______________________________________Part Type Description______________________________________74S00 Quad 2-Input NAND74S04 Hex Inverter74S08 Quad 2-Input AND74S74 Dual-D Flip Flop74S85 4-Bit Magnitude Comparator74S86 Quadruple 2-Input Exclusive-OR Gate74S157 4-Bit 2-to-1 Select74S161 4-Bit Binary Counter74S175 4-Bit D-Register74S283 4-Bit Adder______________________________________ The reference data sheets on each of the above listed parts, as same appears in The TTL Data Book, Second Edition-1976, Texas Instruments Incorporated, is incorporated herein by reference. Clock 218 can be implemented in numerous ways well known in the art. In the preferred embodiment of the digital phase-locked loop, the frequency at which Clock 218 was chosen to operate was approximately twenty times the expected frequency of Input Signal 101. FIGS. 5A and 5B show the implementation of Initialization Counter 207. From FIG. 5A it will be observed that when Reset 219 goes low, Flip-Flop 501 is placed in the reset state, which results in its "Q" output, Reset-System 505, going low, which in turn clears 4-Bit Counter 502 and Flip-Flop 504 shown in FIG. 5A, Quad-D Flip-Flop 301 shown in FIG. 3, 4-Bit Counters 516 and 517 shown in FIG. 5B, Flip-Flop 902 shown in FIG. 9, 4-Bit Shift Registers 1110 and 1111 shown in FIG. 11, 4-Bit Registers 1203, 1204 and 1205 shown in FIG. 12, and gate 1306 shown in FIG. 13. Referring next to FIG. 3, the implementation of System Clock 217 is shown. It is observed that Quad-D Flip-Flop 301 and Exclusive-OR Gates 302, 303 and 304 are connected in such a manner as to generate sequential control signals CR1 305, CR2 306, and CR3 307 in response to Reset 219, Reset System 505, Input Signal 101 and Clock 218 as shown in FIG. 4, as follows. With Flip-Flop 301 initially reset by Reset-System 505, outputs Q1, Q2, Q3 and Q4 are all at logic zero. When Input Signal 101 changes to a high state, sequential control signals CR1 305, CR2 305, and CR3 307 will be subsequently generated upon the occurrence of sequential pulses on Clock 218. Control signals CR1 305, CR2 306, and CR3 307 are used for sequencing purposes within the present invention. Returning now to FIGS. 5A and 5B, the operation of Initialization Counter 207 will now be discussed. Four-Bit Counter 502, Compare 503 and Flip-Flop 504 shown in FIG. 5A function together to count the occurrence of eight Input Events on Input Signal 101, during which time 4-Bit Counters 516 and 517 shown in FIG. 5B count the number of pulses generated by Clock 218 to determine the number of pulses generated by Clock 218 during the time required for eight Input Events to occur on Input Signal 101, as follows. With Flip-Flop 504, shown in FIG. 5A, previously reset by Reset-System 505, (Start-Lock)' will be high, which, by gate 524 in FIG. 5B, will allow 4-Bit Counters 516 and 517 to count the number of pulses generated by Clock 218. Referring next to FIG. 5A, 4-Bit Counter 502 counts the occurrences of CR1 305, and Compare 503 compares the count obtained by 4-Bit Counter 502 with the number nine as wired into pins A0, A1, A2 and A3 on said Compare 503. After the occurrence of eight Input Events on Input Signal 101, as indicated by the occurrence of a CR1 305 pulse for each of the Input Events on Input Signal 101, on the following Input Event, Compare 503 output A=B will change to a logic one which will result in Flip-Flop 504 "Q" output going high. Hence Start-Lock will change to a high state. This indicates completion of the initialization period during which time the digital phase-locked loop was sampling the frequency of the Input Signal 101 by counting the number of pulses generated by Clock 218 by 4-Bit Counters 516 and 517 shown in FIG. 5B during the time period required for eight Input Events as counted by 4-Bit Counter 502 shown in FIG. 5A to occur on Input Signal 101. Next, the number of pulses generated by Clock 218 counted by 4-Bit Counters 516 and 517 shown in FIG. 5B, of Initialization Counter 207 will be transferred to the Cumulative Count Register 213 by way of Switch 211, as shown in FIG. 2A as follows. Referring to FIG. 9, with Flip-Flop 902 previously reset by Reset-System 505, the "Q" output of said flip-flop is low, which places 4-Bit Selectors 903 and 904 in a state wherein the outputs of Initialization Counter (1) 508 through Initialization Counter (128) 515 shown in FIG. 5B are connected through said Switch 211 as implemented by 4-Bit Selectors 903 and 904 on FIG. 9 to the corresponding outputs of said Selectors 903 and 904 to Switch (1) 905 through Switch (128) 912 which, referring to FIG. 8, thereby effectively connecting said outputs of Initialization Counter (1) 508 through Initialization Counter (128) 515 to the corresponding inputs of 4-Bit Registers 802 and 803 of Cumulative Count Register 213. Consequently, referring to FIG. 8, gate 805, since Start-Lock is high, on the occurrence of CR2 306 generated by the ninth Input Event on Input Signal 101, the contents of 4-Bit Counters 516 and 517 of FIG. 5B of Initialization Counter 207 of FIG. 2A will be transferred to 4-Bit Registers 802 and 803 of FIG. 8 of Cumulative Count Register 213 of FIG. 2A. At this point, the present invention has started operation from a reset condition, and has completed the portion of the initialization process wherein the frequency of Input Signal 101 has been effectively sampled by the counting of the number of pulses generated by Clock 218 during the time required for eight Input Events to occur on Input Signal 101. The remaining task to be completed in the initialization process is to preload Counter 215 shown in FIG. 2A with the number ten. The implementation of Counter 215 is given in FIG. 6. Four-Bit Counter 601 and Flip-Flop 602 together form Five-Bit Counter 215. It is recalled that during the initialization period discussed above, Start-Lock signal 506, shown in FIG. 5A is low and changes to a high state at the completion of said initialization period. Consequently, referring to FIG. 6, during the initialization period, Flip-Flop 602 will remain in the reset state due to the output of gate 603 being low. It will also be observed that the upper 4 bits of Counter 215 as implemented by 4-Bit Counter 601 will be preset by the high level present on preset input pins 3 and 5 and the low level present on pins 4 and 6 such that Counter 215 will be preset to a value of ten during the initialization period. Such presetting is required because, referring to FIG. 1A, it is recalled that the Output Signal 102 occurs at a point midway between successive Input Events on Input Signal 101, and as Counter 215 is, during operation normally reset on the occurrence of Output Signal 102, it will normally begin counting pulses generated by Clock 218 immediately after the occurrence of an Output Event on Output Signal 102. However, when the digital phase-locked loop is initially commencing operation after the occurrence of a Reset Signal 219, Counter 215 will necessarily be counting pulses generated by Clock 218 after the occurrence of an Input Event on Input Signal 101. Consequently, it is necessary to preset Counter 215 with a number to reflect the difference in starting times for Counter 215. With the frequency for Clock 218 chosen to be twenty times the expected frequency of Input Signal 101, Counter 215 must therefore be preset with the number ten. Consequently, directly following the initialization of the digital phase-locked loop by the counting of pulses generated by Clock 218 by Initialization Counter 207, and the transfer of said count to Cumulative Count Register 213, Start-Lock 506 will go to a high state, enabling Counter 215, as implemented by 4-Bit Counter 601 and Flip-Flop 602 on FIG. 6 to begin counting pulses generated by Clock 218, from an initial value of ten. FIG. 11 illustrates the implementation of Divide-by-Sixteen 214, Subtractor 246 and Holding Register 221 shown in FIG. 2A. Subtractor 246 is implemented by 4-Bit Adders 1108 and 1109, and Inverters 1101 through 1107. The subtraction is implemented by first forming the 2's complement of the subtrahend, i.e., the number present in Cumulative Count Register 213 on FIG. 2A, by Inverters 1101 through 1107 and the addition of a one to the carry input 1113 of 4-Bit Adder 1108, and thereafter adding the minuend, the number present 202 in Counter 215 on FIG. 2A, i.e., Counter (1) 604 through Counter (16) 608 shown in FIG. 6. Divide-by-Sixteen 214 is implemented by the manner in which the signals representing the minuend and subtrahend are connected to 4-Bit Adders 1108 and 1109. It is observed that the most significant bit of the 2's complement of the number present in Cumulative Count Register 213 is added to the most significant bit of the number present in Counter 215, i.e., Counter (16) 608, which results in the equivalence of dividing the number present in Cumulative Count Register 213 by sixteen prior to subtraction. Holding Register 221 shown in FIG. 2A is implemented by 4-Bit Registers 1110 and 1111 shown in FIG. 11, to which the results of Subtractor 246 is transferred upon the occurrence of a Clock 218 and CR1 305 to gate 1112. As previously described, Error Weighting 204 shown in FIG. 2A functions to divide the number present in Holding Register 221 by two. As the results of this division by two are added to the current contents of Cumulative Count Register 213 by Adder 208, said division by two can be implemented by the method by which the signals representing the contents of Holding Register 221 are connected to Adder 208. The implementation of Error Weighting 204 and Adder 208 is shown in FIG. 10. Four-Bit Adders 1001, 1002, and 1003 implement Adder 208 shown in FIG. 2A. It is observed that the signal representing the number present in Holding Register 221 have been shifted one binary position so as to implement division-by-two as above discussed, with Holding Register (1/8) 1119 through Holding Register (16) 1126 being connected in such a manner that the signals thereon appear in the outputs of 4-Bit Adder 1001 and 1002 as Adder (1/16) 1004 through Adder (8) 1011 respectively. The most significant bit of the results of the subtraction by Subtractor 246 shown in FIG. 2A, with implementation thereof shown in FIG. 11, is connected to the upper four bits of the implementation of Adder 208 shown in FIG. 2A with implementation shown in FIG. 10, so as to correctly reflect the sign as well as the status of the remaining upper bits on error signal 205 after approximate weighting by Error Weighting 204 shown in FIG. 2A, in the addition performed by 4-Bit Adders 1001 through 1003 shown in FIG. 10, by Holding Register (16) 1126 signal being also connected to 4-Bit Adder 1003 pins 6, 2, 15 and 11. The contents of Adder 208 shown in FIG. 2A are then connected to Cumulative Count Register 213. This is illustrated in FIGS. 10, 9 and 8. It is observed that the lower order four bits from Adder 208, i.e., Adder (1/16) 1004 through Adder (1/2) 1007, do not go through Switch 211, but connect directly to the lower order 4 bits of Cumulative Count Register 213, shown in FIG. 2A as Fractional Portion 209B, i.e., Adder (1/16) 1004 through Adder (1/2) 1007 to 4-Bit Register 801 shown in FIG. 8. This results from the fact that the said four lower bits from Adder 208 represent a fractional number, and as Initialization Counter 207 counts in whole numbers only, it is not necessary to be able to switch the lower four order bits from Initialization Counter 207 to Cumulative Count Register 213. The remaining bits of Adder 208, Adder (1) 1008 through Adder (128) 1015 shown in FIG. 10 connect through Switch 211 shown in FIG. 2A as implemented in 4-Bit Selectors 903 and 904 shown in FIG. 9, and then to Cumulative Count Register 213 as implemented by 4-Bit Register 802 and 803 shown in FIG. 8. The implementation of Divide-by-Eight 223 and Compare 216 shown in FIG. 2A is illustrated in FIG. 7. Compare 701 and NAND gate 702 together perform the said functions in the following manner. Integer Part 224A-1 from Divide-by-Eight 223 is connected to 224B-1 input to Compare 216 shown in FIG. 2A with the signals of Cumulative Count Register (8) 813, Cumulative Count Register (16) 814, Cumulative Count Register (32) 815 and Cumulative Count Register (64) 816 connected to input signals I1 703, I2 704, I3 705 and I4 706 respectively. The division function of Divide-by-Eight 223 is once again implemented by the manner in which the signals from Cumulative Count Register 213, i.e., Cumulative Count Register (64) through Cumulative Count Register (8) and the signals from Counter 215, i.e., Counter (1) 604 through Counter (16) 608 are connected to Compare 701. Referring to FIG. 7, it is observed the Cumulative Count Register (128) 817 is assumed to be a one, as it necessarily must be when Output Signal 102 is to be produced and consequently, NAND gate 702 ANDS Counter (16) 608 with the signal from Compare 701 indicating agreement between the numbers represented by the signal present on Counter (1) 604 through Counter (8) 607 and the number represented by the signals present on Cumulative Count Register (8) 813 through Cumulative Count Register (64) 816, thereby generating Output Signal 102. Upon the occurrence of Output Signal 102, Counter 215 shown in FIG. 2A as implemented by 4-Bit Counter 601 and Flip-Flop 602 shown in FIG. 6 is reset. At this point, the process is repeated, with Counter 215 shown in FIG. 2A immediately beginning to again start counting the occurrence of pulses generated by Clock 218. The basic response of the described digital phase-locked loop is modified by the present invention of a long term response enhancement, by connecting Fractional Part 225-1 and Integer Part 224A-1 shown in FIG. 2A to Fractional Part 225-2 and Integer Part 224A-2 respectively shown in FIG. 2B, and the output 202-1 from Counter 215 shown in FIG. 2A to 202-2 shown in FIG. 2B, thereby incorporating the present invention of a long term response enhancement in the described digital phase-locked loop. From the foregoing discussion of the operation of the digital phase-locked loop, and by reference to FIG. 2A, it is observed that Output Signal 102 is generated upon the occurrence of agreement between the count in Counter 215 and the integer portion of the number resulting from dividing the contents of Cumulative Count Register 213 by eight by Divide-by-Eight 223. Consequently, the generation of an Output Signal can be delayed by increasing the value of the number against which the contents of Counter 215 must agree. This is the manner by which the present invention introduces a relatively minor change in the phase of Output Signal 102 over a relatively long period of time. FIG. 2B illustrates, in block diagram form, an implementation of the present invention. From FIG. 2B it will be observed that the integer portion 224A-2 from Divide-by-Eight 223 is supplied as one input to Adder 226. The second input to Adder 226 is a single input of either a numeric one or zero, from Logic 228. The results of the addition 231 performed by Adder 226 are stored in Register 233, with the contents 234 being supplied 224B-2 to 224B-1 to Compare 216 shown on FIG. 2A. The various blocks illustrated in FIG. 2B function as follows. Adder 226 functions to add the integer number present on 224A-2 to either a one or a zero present on line 229 from Logic 228, and transfer the results 231 of said addition to Register 233 upon the occurrence of a transfer signal on line 245. Adder 227 functions to add the integer number present on 224A-2 with either a one or a zero present on line 230 from Logic 228, and thereafter supply the results 232 to Compare 236, Compare 239 and Compare 240. Register 233 functions to store the results 231 from Adder 226, making said results 234 available to Compare 236 and, by signal line 224B-2 to Compare 216 on FIG. 2A. Upon the occurrence of a pulse on line 245, the contents of Register 233 are transferred to Register 235. Register 235 functions to store the number previously stored in Register 233, making said number available to Compare 239. Upon the occurrence of a pulse on line 245, the contents of Register 235 are transferred to Register 238. Register 238 functions to store the number previously stored in Register 235, making said number available to Compare 240. Compare 236 compares the number on signal line 234 present in Register 233 with the results present on line 232 from Adder 227, and indicates equality, or lack thereof 243 to Logic 228. Compare 239 compares the number on signal line 237 present in Register 235 with the results present on line 232 from Adder 227, and indicates equality or lack thereof 242 to Logic 228. Compare 240 compares the number on signal line 244 present in Register 238 with the results present on line 232 from Adder 227, and indicates equality or lack thereof 241 to Logic 228. Logic 228, responsive to Fractional Part 225-2 from Divide-by-Eight 223 shown in FIG. 2A, the conntents 202-2 of Counter 215, signal 243 from Compare 236, signal 242 from Compare 239, and signal 241 from Compare 240 generates a binary one or a binary zero on line 229 and a binary one or a binary zero on line 230 to Adder 226 and Adder 227 respectively. Logic 228 also, in response to control signals from System Clock 217, generates a pulse on line 245 to effect the transfer of the results of Adder 226 to Register 233, the contents of Register 233 to Register 235, and the contents of Register 235 to Register 238. The implementation of the functional blocks of FIG. 2B will now be discussed. The preferred embodiment of the present invention was implemented using the standard parts available from the said Texas Instruments previously given, in addition to the following:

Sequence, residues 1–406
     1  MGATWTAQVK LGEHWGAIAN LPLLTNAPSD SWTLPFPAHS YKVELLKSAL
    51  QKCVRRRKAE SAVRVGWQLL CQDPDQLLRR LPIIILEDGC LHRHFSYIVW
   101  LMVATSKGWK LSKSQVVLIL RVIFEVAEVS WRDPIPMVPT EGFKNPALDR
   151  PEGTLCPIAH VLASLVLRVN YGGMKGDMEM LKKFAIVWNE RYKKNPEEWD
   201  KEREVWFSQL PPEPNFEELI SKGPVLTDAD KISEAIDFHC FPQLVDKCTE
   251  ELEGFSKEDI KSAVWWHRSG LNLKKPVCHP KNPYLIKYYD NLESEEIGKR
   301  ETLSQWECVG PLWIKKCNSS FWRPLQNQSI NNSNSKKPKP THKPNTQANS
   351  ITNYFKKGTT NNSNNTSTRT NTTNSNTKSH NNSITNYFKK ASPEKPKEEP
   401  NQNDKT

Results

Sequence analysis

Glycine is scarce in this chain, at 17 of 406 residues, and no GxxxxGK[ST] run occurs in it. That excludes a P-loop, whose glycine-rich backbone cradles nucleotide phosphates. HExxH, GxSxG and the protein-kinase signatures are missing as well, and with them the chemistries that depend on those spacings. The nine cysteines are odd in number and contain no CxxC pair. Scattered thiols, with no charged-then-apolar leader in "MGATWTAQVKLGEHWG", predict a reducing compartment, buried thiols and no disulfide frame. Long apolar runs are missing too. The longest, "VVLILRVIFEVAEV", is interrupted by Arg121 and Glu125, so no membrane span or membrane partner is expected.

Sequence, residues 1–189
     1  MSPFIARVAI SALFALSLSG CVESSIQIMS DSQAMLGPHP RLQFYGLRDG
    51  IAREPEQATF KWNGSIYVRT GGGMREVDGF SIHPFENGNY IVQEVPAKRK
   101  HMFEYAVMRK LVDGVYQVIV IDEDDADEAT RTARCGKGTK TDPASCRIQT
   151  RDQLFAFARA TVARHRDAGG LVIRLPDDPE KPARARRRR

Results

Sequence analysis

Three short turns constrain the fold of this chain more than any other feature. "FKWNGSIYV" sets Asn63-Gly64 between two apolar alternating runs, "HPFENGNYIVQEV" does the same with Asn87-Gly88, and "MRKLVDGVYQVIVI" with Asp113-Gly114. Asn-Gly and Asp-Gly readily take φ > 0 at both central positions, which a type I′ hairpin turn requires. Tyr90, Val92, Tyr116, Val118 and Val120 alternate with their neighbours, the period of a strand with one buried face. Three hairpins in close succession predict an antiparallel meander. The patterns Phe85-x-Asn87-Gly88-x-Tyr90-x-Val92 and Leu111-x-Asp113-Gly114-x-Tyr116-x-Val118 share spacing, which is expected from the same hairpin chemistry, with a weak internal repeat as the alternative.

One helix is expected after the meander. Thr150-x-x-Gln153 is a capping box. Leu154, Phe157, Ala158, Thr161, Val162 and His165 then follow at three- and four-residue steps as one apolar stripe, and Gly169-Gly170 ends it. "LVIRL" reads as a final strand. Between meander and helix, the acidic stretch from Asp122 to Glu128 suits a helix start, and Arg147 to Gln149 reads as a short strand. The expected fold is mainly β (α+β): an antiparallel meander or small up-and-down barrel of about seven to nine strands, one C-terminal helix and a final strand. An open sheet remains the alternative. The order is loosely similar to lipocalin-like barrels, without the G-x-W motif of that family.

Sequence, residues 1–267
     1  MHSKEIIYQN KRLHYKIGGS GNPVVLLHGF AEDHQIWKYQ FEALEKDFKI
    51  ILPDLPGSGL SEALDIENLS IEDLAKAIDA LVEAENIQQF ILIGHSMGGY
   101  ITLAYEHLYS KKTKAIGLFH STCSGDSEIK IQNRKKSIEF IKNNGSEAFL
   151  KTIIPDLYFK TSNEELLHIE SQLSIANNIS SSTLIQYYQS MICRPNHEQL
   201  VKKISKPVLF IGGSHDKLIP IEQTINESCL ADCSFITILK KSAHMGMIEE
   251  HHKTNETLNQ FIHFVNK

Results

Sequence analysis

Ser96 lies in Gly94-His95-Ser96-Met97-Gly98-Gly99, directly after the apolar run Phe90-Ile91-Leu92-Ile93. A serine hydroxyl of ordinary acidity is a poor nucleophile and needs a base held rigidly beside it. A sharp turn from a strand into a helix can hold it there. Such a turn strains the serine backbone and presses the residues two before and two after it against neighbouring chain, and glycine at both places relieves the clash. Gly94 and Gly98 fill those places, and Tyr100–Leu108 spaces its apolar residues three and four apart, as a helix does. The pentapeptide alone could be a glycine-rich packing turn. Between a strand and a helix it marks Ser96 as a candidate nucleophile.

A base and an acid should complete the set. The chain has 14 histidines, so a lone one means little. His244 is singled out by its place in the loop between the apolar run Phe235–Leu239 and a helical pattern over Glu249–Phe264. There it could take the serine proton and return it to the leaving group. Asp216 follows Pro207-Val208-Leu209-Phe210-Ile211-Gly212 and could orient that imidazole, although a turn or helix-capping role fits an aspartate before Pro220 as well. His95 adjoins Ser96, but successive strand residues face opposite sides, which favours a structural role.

______________________________________Part Type Description______________________________________74S08 QUAD 2-INPUT OR Gate______________________________________ FIG. 13 shows the implementation of that part of Logic 228 which generates signal 245 which results in the transfer of the results of Adder 226 to Register 233, the contents of Register 233 to Register 235, and the contents of Register 235 to Register 238. As previously discussed the present invention results in a modification of the number presented to Compare 216. The point in time of the operation of the digital subtractor at which the calculation takes place of the new number to be supplied to Compare 216 has been chosen to be three periods of Clock 218 before the number present on Integer Part 224A-1 and the number present in Counter 215 would otherwise agree. This point is obtained by subtracting three from the last value used for comparison purposes from Cumulative Count Register 213 after division thereof by eight-by Division-by-Eight 223, and subsequent modification by Adder 226, as stored in Register 233. Consequently, from the contents of Register 233, as implemented by 4-Bit Register 1203 shown in FIG. 12, a negative three is subtracted by 4-Bit Adder 1302 in FIG. 13, with the results of said subtraction being compared with the contents of Counter 215 by Compare 1303 and Exclusive-OR gate 1304 in FIG. 13. It is observed that the said comparison function is implemented using Compare 1303 for the lower order four bits, and Exclusive-OR gate 1304 and Inverter 1305 for the higher order bit. Agreement between the said two numbers is indicated by a high from AND gate 1307, which results in Flip-Flop 1308 being set. Consequently, a transition occurs from OR gate 1310 on Transfer signal 245 which, referring to FIG. 12, results in the transfer of contents of said registers as previously discussed. At this point it is also observed that Flip-Flop 1308 was previously reset from the last Output Signal generated by the digital phase-locked loop from AND gate 1306. Flip-Flop 1309 shown in FIG. 13, being set in response to RUN 913 from FIG. 9 effects the transfer of an initial value into Register 233 shown in FIG. 2B, and implemented as 4-Bit Register 1203 shown on FIG. 12, directly after initialization of the digital phase-locked loop with the completion of the count by Initialization Counter 207. FIG. 12 illustrates the implementation of Adders 226 and 227, Registers 233, 235 and 238, and Compare 236, 239 and 240 shown in FIG. 2B. Signals 229 and 230 to ADDER 226 and ADDER 227 respectively, shown in FIG. 2B are generated in accordance with the following Boolean equations.
SIGNAL 230=DE
SIGNAL 229=CE'D+ABCD'E+(ABC)'DE where A=CF3 1213 shown in FIG. 12 B=CF2 1214 shown in FIG. 12 C=CF1 1215 shown in FIG. 12 D=CUMULATIVE COUNT REGISTER (4) 812 shown in FIG. 8 E=CUMULATIVE COUNT REGISTER (2) 811 shown in FIG. 8 Patent Citations